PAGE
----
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12.16.09

Microsoft Assumes You Too Are a Criminal

Posted in Google, Microsoft, Security, Windows at 12:09 pm by Dr. Roy Schestowitz

“Technological progress is like an axe in the hands of a pathological criminal.”

Albert Einstein

Summary: Microsoft treats everyone like a criminal with its COFEE software; preventive measures are therefore created

BACK in November we wrote about Microsoft’s COFEE [1, 2], which makes use of diagnostic/forensic antifeatures that Microsoft put in Vista and in Vista 7, right under many people’s noses. After Vista in particular, Windows is a really user-hostile piece of software and after a lot of noise (especially against DRM) people seem to have forgotten about it, much to Microsoft’s delight. They even renamed “Vista”.

In essence, Microsoft has Windows spy on any user by logging his/her actions. What is wrong with all this? Well, it is not there for the user really, thus it’s an antifeature; it’s there to be used against the user.

The danger of COFEE was explained by Bruce Schneier last week (incidentally in response to Eric Schmidt).

Schmidt said:

I think judgment matters. If you have something that you don’t want anyone to know, maybe you shouldn’t be doing it in the first place. If you really need that kind of privacy, the reality is that search engines — including Google — do retain this information for some time and it’s important, for example, that we are all subject in the United States to the Patriot Act and it is possible that all that information could be made available to the authorities.

This, from 2006, is my response:

Privacy protects us from abuses by those in power, even if we’re doing nothing wrong at the time of surveillance.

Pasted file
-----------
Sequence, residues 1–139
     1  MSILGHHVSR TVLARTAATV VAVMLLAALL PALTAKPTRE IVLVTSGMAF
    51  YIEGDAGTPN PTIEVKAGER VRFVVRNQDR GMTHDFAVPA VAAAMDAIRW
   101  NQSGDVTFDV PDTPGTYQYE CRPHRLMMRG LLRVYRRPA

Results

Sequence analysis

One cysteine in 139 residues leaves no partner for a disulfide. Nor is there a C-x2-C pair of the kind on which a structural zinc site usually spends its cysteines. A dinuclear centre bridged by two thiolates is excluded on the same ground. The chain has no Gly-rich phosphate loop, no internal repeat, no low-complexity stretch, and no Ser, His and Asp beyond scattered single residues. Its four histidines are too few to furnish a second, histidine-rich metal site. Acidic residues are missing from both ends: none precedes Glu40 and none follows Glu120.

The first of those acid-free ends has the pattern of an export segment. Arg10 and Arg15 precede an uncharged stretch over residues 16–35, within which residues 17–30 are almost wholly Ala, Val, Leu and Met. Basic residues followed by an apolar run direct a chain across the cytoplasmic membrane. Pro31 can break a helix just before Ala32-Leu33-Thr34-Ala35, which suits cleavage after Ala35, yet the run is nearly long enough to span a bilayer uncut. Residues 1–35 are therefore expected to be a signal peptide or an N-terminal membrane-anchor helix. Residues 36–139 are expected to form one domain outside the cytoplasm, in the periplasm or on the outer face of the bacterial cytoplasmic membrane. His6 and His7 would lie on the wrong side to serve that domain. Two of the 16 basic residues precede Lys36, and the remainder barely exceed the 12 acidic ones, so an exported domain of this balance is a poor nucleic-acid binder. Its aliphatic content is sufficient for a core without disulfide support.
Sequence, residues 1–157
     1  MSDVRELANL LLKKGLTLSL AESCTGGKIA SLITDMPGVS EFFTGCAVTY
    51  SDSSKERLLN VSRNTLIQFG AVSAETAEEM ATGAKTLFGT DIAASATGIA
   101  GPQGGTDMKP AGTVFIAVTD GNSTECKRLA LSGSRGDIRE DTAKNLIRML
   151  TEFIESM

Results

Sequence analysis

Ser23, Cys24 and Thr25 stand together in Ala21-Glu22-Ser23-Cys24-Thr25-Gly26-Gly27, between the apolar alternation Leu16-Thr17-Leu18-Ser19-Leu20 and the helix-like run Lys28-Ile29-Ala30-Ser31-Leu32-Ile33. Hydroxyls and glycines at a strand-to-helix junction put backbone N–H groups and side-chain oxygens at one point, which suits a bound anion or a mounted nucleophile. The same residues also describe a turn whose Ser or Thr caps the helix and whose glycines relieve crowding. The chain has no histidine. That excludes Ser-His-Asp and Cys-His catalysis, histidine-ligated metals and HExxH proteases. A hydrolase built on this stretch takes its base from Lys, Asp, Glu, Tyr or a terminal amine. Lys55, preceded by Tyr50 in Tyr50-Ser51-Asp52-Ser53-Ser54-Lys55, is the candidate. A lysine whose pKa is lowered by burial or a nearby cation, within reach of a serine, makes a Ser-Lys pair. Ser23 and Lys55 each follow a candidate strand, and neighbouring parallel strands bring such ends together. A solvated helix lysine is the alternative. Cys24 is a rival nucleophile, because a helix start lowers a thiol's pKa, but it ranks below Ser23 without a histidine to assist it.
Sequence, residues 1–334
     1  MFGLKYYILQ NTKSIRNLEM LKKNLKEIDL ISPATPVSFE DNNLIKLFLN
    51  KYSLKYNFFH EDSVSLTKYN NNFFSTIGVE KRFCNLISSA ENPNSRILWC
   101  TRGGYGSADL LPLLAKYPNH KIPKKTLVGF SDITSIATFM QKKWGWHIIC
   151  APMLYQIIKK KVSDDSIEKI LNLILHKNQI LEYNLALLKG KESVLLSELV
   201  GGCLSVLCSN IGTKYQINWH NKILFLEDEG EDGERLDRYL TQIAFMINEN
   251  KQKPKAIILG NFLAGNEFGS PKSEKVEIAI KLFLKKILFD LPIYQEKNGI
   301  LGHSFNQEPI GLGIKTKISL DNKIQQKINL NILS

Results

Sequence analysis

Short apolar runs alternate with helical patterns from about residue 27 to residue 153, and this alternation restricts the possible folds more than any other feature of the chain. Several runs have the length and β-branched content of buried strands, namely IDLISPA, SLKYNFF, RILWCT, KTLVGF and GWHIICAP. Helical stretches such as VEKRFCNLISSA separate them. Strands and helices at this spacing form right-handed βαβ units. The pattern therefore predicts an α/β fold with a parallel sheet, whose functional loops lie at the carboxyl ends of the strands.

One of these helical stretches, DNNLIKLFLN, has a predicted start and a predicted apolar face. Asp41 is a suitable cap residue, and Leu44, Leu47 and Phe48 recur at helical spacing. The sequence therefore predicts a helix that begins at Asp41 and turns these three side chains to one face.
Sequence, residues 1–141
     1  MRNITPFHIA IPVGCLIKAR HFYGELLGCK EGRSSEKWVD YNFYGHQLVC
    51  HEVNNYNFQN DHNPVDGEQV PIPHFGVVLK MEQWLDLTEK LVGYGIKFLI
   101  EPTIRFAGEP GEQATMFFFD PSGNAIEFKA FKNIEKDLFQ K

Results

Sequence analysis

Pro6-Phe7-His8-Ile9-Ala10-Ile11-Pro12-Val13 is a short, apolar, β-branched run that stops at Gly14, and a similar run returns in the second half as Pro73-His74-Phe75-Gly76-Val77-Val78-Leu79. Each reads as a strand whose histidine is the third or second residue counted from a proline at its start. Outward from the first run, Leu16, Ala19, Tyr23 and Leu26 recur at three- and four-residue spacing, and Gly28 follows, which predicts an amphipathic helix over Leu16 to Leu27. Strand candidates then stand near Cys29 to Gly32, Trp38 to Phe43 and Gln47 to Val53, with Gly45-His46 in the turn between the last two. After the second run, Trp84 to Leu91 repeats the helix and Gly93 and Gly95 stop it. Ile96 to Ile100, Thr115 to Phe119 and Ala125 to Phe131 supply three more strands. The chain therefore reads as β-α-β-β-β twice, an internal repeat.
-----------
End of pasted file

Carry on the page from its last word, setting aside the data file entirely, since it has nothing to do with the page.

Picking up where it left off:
We do nothing wrong when we make love or go to the bathroom. We are not deliberately hiding anything when we seek out private places for reflection or conversation. We keep private journals, sing in the privacy of the shower, and write letters to secret lovers and then burn them. Privacy is a basic human need.

[...]

For if we are observed in all matters, we are constantly under threat of correction, judgment, criticism, even plagiarism of our own uniqueness. We become children, fettered under watchful eyes, constantly fearful that — either now or in the uncertain future — patterns we leave behind will be brought back to implicate us, by whatever authority has now become focused upon our once-private and innocent acts. We lose our individuality, because everything we do is observable and recordable.

[...]

This is the loss of freedom we face when our privacy is taken from us. This is life in former East Germany, or life in Saddam Hussein’s Iraq. And it’s our future as we allow an ever-intrusive eye into our personal, private lives.

Too many wrongly characterize the debate as “security versus privacy.” The real choice is liberty versus control. Tyranny, whether it arises under threat of foreign physical attack or under constant domestic authoritative scrutiny, is still tyranny. Liberty requires security without intrusion, security plus privacy. Widespread police surveillance is the very definition of a police state. And that’s why we should champion privacy even when we have nothing to hide.